Within the click event listener callback for our button, we first cleared the canvas and then saved this cleared state to our local storage using the toDataUrl() method.

Here is the code that listens to the mousedown event on our canvas.

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canvas.addEventListener('mousedown', function(event) {
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    const canvas_rect = event.target.getBoundingClientRect();
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    const pos_x = event.clientX - canvas_rect.left;
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    const pos_y = event.clientY - canvas_rect.top;
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    for(let i = 0; i < 10; i++) {
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      let radius = min_radius + Math.floor(Math.random()*(max_radius - min_radius));
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      ctx.beginPath();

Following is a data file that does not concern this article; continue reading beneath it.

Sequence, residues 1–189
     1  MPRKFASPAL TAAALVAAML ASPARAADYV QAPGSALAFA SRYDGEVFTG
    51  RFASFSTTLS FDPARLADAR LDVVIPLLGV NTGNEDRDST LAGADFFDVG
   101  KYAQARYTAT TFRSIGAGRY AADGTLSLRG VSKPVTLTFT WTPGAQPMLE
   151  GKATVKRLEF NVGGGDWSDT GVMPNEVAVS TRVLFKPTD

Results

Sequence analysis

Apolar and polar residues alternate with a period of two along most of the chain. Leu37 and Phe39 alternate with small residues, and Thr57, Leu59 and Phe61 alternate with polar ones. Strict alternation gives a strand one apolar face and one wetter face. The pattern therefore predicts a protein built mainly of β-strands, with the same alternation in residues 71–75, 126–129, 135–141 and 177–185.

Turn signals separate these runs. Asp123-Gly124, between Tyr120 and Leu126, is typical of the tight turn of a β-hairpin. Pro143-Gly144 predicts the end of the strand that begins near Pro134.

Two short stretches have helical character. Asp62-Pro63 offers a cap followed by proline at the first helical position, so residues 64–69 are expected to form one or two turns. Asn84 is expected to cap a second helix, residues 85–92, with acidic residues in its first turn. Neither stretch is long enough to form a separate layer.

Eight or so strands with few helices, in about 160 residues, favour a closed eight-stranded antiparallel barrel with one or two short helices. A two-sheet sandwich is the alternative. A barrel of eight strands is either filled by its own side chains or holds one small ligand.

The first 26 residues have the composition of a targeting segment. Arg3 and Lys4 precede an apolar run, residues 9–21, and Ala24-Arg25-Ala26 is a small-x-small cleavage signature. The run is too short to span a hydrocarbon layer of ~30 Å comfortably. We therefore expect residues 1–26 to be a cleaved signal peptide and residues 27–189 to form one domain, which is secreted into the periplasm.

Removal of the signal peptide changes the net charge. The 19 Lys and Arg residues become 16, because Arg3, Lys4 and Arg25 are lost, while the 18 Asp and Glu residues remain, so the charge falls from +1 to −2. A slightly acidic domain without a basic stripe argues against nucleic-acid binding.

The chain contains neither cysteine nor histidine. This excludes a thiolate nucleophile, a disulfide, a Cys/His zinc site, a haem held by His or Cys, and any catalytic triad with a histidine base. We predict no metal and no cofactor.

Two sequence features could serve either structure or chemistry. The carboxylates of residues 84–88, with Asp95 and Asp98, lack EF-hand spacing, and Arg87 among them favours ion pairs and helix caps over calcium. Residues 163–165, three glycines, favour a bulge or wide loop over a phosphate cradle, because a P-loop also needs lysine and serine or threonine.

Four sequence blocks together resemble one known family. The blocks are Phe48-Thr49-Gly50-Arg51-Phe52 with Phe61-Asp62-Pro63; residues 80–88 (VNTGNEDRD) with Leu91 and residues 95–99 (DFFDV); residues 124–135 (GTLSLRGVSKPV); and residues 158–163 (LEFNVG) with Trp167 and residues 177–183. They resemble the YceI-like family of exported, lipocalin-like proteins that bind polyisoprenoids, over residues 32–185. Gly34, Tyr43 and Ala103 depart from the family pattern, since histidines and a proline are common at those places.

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      ctx.arc(pos_x, pos_y, radius, 0, 2 * Math.PI);
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      ctx.stroke();
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    }
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    let image_data = canvas.toDataURL();
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    localStorage.setItem("image-data", image_data);
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});

Let's break it down. We begin by calculating the exact position where users clicked on the canvas. This is determined by subtracting the value of the left property of the bounding rectangle of the canvas from the x coordinate of the clicked position. We do the same thing to get the vertical position of the click.

After that, we create a for loop to draw 10 concentric circles on the canvas. The radius is set to a random value subject to the minimum and maximum constraints. Finally, just like the click listener for the button, we save the canvas state in our local storage. This happens with each click so that we can stay up-to-date with the latest canvas state.

The only thing left for us to do now is restoration of values from the local storage to be used on reloads or restarts. We do this with the following code:

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window.addEventListener("DOMContentLoaded", (event) => {